Ashita no namikimichi (1936)

28 10 2012

The 60 minute running time would suggest that this is one of Naruse’s breeziest films and it definitely is, but I don’t think the length is the only contributor. This is one of the last instances we’d ever see of Naruse attempting anything extremely stylized but it never manages to seem clunky or garish. There’s not really enough there to put it in the upper-tier of Naruse’s work, but it is such a delightful, little film that could work wonderfully as a introduction to Naruse’s work from the 1930s.

Chiyo moves from the country to Tokyo with the hopes of starting a career. She meets a friend there, but is greeted with nothing but bad news. Her friend is a “hostess” and warns her that work is hard to find for country women in Tokyo. She stays with the hostesses in their isolated community and casually entertains ideas of joining them, but is hesitant because she has a crush on Ogawa, a frequent patron of the bar. He shows an interest in her as well, but says the hostesses at the bar are not a pleasant group. She entertains a fantasy of running away with Ogawa, but her dreams are dashed when he announces that he has to leave for another city.

The film’s opening in the mountainous country definitely reminds one of Hiroshi Shimizu’s work, as does the unusual jaunty tone of what is ultimately an impoverished group of women. It wonderfully underscores the naive Chiyo, who may or may not have been familiar with the work of her friend before coming to Tokyo. She never really grasps the possible limitations that are facing her if she wants to continue living in the city. In her defense, it’s probably because Naruse never plays up the “seriousness” of the drama. There is a sole moment of extreme dramatic tension involving two arguing hostesses, but Naruse, almost like the anti-Mizoguchi doesn’t fall into the melodramatic trappings of a situation. This could easily go the route of the country girl moving to the city and being harshly struck by reality.

This isn’t to say Chiyo falls into a perfect situation. As she finally accepts a position as a hostess, she nervously drinks too much in the presence of Ogawa. The other hostesses warn her about the job, how miserable it will make her, but they tell her that happiness is possible within the arrangement. It’s a reoccurring motif of Naruse that the women oppressed or mistreated in his films still manage to find some glimmer of hope, perhaps a sense of inner peace is a far remarkable statement than again, what Mizoguchi often did. In Mizoguchi’s work, the heartache comes from the women ultimately being beaten out of the system, in the sense that they die. It’s a tragic scenario that resonates on paper, but Naruse’s route doesn’t resonate on paper. Instead, it works on a deeper level (to me anyway) because the true pain comes from the daily struggle of his protagonists.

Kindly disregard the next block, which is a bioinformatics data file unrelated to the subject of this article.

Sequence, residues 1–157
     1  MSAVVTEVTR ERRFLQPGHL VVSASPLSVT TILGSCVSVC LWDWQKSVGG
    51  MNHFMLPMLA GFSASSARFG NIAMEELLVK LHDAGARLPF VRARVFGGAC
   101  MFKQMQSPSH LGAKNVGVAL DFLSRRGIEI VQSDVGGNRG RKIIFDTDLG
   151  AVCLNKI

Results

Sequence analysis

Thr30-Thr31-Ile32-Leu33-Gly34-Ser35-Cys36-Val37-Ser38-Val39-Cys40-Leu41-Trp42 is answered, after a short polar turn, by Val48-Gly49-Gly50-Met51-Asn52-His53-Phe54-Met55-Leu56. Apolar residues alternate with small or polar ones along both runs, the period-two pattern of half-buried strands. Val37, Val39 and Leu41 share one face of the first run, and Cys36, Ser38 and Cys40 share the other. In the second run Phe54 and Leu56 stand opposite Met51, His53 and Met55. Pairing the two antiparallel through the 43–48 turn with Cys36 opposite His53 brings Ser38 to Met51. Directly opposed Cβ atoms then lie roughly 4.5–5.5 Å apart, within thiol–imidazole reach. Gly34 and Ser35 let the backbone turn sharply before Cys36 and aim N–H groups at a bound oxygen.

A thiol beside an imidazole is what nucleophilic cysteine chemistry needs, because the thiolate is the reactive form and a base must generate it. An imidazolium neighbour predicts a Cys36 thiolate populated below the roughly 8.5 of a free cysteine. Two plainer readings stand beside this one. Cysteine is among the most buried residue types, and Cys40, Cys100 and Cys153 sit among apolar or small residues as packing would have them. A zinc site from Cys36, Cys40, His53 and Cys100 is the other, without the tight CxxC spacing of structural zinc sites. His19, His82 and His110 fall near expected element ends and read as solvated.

I was struck by the connection this film shares with an American film of the same year, Lloyd Bacon’s A Marked Woman, which also depicts the plight of women working as hostesses but perhaps because it was based on real life events, is a much more sensational story. Even as this film can be grouped somewhat as a “fantasy” it seems much more grounded in reality, and it still manages to hold up as a communal portrait of sexworkers, where as Bacon’s film, which is a more self-conscious “social problems” feel seems more disjointed from reality through some unfortunate handling of the drama. It’s probably not a huge thing to say Naruse was better than Bacon, but it’s amazing how much better the Japanese workman was than the Hollywood workman, especially after Naruse’s Wife! Be Like a Rose! had been neglected by American critics when it was shown there. It’s food for though, I guess, but the most important thing is, this an absolutely wonderful film and a completely enjoyable viewing. 

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